Lonnie R. Snowden receives APHA Award for Lifetime Contributions to Mental Health
The Mental Health Section of the American Public Health Association (APHA) has awarded UC Berkeley School of Public Health Professor Lonnie R. Snowden, PhD, the 2021 Carl Taube Award for Lifetime Contributions to the Field of Mental Health Services.
Snowden’s research focuses on mental health care access and quality, especially disparities in access and quality. He is Professor of the Graduate School in the Health Policy and Management Program at Berkeley Public Health, and also holds appointments in the UC Berkeley-UCSF Joint Medical Program and the UC Berkeley Othering and Belonging Institute, and in Berkeley’s Psychology department.
Snowden has advised numerous agencies of government on mental health-related matters and published nearly 200 peer-reviewed papers and book chapters. His awards for outstanding achievement include the American Public Health Association Mental Health Section’s Steve Banks Mentoring Award, The American Psychological Association’s Award for Distinguished Contributions to Research in Public Policy, APA’s Presidential Citation, Division 27 of the American Psychological Association’s Award for Distinguished Contributions to Theory and Research in Community Psychology, the Surgeon General’s Exemplary Service Award, and the Berkeley Citation.
According to the APHA, the Carl Taube Award was created in 1990 to honor Carl Taube for his major role in promoting mental health services and policy research and mental health economics and to recognize scholars who have made important lifetime contributions to public mental health. As Director of the Division of Biometry and Applied Sciences at the National Institute of Mental Health, Dr. Taube redesigned and expanded the national reporting program on mental health services and pioneered the use of these data to analyze major policy trends in deinstitutionalization and shifts in financing. He designed and implemented the national Inventory of Community Mental Health Centers which became the Inventory of Mental Health Organizations. Widely published throughout his career, Dr. Taube was Professor of Mental Hygiene at the Johns Hopkins University School of Public Health, consultant to the World Health Organization, and advisor to the Robert Wood Johnson Foundation Program for the Chronically Mentally Ill.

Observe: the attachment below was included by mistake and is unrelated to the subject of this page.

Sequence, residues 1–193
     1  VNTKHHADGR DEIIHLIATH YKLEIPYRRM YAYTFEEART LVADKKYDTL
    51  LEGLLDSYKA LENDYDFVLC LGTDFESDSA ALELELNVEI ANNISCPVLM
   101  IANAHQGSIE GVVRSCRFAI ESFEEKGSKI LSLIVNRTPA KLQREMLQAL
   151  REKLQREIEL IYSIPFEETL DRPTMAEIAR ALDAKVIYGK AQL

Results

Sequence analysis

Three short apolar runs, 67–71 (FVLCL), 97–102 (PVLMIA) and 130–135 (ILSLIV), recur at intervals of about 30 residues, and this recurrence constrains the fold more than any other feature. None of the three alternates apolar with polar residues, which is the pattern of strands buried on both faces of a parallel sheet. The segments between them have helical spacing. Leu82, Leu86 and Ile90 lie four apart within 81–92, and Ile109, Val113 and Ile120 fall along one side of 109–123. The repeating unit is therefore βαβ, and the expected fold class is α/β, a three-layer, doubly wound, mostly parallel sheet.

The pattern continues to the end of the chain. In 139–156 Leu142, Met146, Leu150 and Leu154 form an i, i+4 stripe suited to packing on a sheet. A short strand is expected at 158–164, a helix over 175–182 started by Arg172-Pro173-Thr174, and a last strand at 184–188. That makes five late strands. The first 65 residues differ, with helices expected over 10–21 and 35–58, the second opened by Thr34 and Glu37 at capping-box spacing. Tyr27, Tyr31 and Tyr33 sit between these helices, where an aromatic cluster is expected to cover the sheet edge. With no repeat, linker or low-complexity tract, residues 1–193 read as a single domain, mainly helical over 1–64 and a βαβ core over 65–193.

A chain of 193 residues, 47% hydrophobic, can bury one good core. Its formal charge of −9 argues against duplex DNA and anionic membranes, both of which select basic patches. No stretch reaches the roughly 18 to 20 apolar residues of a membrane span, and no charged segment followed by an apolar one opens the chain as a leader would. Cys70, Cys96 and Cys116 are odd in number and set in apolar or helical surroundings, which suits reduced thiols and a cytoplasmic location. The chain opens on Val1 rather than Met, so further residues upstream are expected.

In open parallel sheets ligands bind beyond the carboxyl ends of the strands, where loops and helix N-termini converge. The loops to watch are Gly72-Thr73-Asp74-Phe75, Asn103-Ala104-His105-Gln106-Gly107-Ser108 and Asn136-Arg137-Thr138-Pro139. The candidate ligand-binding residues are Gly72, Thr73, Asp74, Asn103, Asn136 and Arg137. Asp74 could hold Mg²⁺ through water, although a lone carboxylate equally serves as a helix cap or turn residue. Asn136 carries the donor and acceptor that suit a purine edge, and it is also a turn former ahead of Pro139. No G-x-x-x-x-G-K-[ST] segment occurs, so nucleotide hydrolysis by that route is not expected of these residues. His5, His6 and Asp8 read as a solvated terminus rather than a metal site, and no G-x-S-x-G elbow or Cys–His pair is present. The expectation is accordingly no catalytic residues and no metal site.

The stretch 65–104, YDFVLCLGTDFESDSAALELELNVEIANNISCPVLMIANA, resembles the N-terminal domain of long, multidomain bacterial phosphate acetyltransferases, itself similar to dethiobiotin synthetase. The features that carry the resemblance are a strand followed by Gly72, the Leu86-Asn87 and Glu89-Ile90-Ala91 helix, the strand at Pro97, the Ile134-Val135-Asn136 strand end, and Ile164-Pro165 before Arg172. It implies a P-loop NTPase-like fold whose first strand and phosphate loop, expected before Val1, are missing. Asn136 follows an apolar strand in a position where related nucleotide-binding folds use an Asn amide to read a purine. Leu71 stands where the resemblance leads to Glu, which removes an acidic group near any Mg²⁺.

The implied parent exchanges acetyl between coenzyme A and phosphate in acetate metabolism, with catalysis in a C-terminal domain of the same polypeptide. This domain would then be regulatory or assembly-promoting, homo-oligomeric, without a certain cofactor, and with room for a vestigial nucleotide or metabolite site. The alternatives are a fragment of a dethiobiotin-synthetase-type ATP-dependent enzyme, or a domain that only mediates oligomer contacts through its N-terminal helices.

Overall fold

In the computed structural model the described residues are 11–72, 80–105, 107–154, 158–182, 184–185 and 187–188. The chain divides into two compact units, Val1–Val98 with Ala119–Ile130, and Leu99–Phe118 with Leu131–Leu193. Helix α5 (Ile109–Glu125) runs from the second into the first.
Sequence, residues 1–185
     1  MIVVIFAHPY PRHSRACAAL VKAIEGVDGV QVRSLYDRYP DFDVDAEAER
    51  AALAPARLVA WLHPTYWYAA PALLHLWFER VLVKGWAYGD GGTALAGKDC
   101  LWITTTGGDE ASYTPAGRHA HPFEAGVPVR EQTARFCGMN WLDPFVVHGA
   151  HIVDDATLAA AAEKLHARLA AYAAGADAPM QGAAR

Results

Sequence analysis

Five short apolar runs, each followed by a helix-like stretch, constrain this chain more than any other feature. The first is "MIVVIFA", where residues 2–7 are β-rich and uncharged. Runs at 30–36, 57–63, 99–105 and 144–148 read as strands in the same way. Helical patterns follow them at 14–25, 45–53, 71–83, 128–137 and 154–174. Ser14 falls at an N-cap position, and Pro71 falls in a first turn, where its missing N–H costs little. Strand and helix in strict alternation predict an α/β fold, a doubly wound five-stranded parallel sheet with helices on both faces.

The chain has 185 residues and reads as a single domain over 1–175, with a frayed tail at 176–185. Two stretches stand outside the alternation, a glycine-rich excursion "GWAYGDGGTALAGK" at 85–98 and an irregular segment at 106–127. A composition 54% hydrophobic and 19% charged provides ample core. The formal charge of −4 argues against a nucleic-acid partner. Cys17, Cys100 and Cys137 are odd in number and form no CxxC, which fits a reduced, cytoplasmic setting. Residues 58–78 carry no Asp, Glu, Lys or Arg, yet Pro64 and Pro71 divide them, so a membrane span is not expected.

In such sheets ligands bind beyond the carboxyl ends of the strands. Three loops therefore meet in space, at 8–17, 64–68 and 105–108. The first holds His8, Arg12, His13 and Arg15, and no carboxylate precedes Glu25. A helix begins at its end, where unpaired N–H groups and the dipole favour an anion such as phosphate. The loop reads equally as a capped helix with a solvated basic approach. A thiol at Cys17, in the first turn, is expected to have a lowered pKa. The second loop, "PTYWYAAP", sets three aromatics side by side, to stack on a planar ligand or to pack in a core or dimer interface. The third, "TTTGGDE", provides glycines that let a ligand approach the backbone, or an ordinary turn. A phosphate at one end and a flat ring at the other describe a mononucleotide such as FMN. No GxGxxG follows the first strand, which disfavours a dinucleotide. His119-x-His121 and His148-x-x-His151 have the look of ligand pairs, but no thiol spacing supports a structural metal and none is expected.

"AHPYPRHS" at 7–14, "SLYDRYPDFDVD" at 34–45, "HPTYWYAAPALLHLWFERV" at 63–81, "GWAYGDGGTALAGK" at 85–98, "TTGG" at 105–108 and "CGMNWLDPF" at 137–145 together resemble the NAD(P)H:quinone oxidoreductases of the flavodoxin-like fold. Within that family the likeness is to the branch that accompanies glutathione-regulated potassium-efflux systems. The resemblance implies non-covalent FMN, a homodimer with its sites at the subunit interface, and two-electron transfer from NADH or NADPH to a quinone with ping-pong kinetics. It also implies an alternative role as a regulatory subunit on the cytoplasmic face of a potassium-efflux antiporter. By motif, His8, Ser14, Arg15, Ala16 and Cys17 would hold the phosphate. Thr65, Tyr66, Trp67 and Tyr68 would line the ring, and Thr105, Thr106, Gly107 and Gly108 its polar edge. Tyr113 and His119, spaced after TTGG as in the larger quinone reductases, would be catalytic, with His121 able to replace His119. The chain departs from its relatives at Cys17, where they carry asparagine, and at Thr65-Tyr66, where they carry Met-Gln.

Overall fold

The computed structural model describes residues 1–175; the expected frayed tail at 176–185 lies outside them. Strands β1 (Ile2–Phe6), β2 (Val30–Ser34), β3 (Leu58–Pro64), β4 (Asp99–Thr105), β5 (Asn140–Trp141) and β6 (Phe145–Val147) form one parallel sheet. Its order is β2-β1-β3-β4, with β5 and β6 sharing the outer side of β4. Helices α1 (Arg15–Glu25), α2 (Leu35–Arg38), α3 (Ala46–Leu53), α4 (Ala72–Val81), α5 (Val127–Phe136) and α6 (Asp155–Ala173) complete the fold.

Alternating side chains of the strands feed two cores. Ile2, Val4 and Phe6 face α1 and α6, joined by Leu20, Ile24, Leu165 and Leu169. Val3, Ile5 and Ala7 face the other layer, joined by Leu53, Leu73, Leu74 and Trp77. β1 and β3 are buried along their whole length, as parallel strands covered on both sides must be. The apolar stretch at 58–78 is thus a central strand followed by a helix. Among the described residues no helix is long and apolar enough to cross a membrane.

“The research conducted in the Center for Mental Health Services Research under Dr. Snowden’s leadership has advanced understanding of the structural sources of racial and ethnic disparities in access to quality mental health care in the United States and contributed in significant ways to scholarly discourse, policy debate, and policy making,” the APHA said in a public announcement. “As such, Dr. Snowden’s research and policy advocacy accomplishments reflect Carl Taube’s pioneering initiatives to ensure that national data could accurately track the impact of major policies like deinstitutionalization on underserved and stigmatized people with mental illness. Many challenges remain to eliminating health and mental health disparities, and his work has been critical in forging the way forward.”
Snowden will deliver his award lecture on “The Affordable Care Act’s Continuing Promise to Close African American/White Disparities in Mental Health Treatment and Quality Of Care” at the APHA 2021 Conference in October.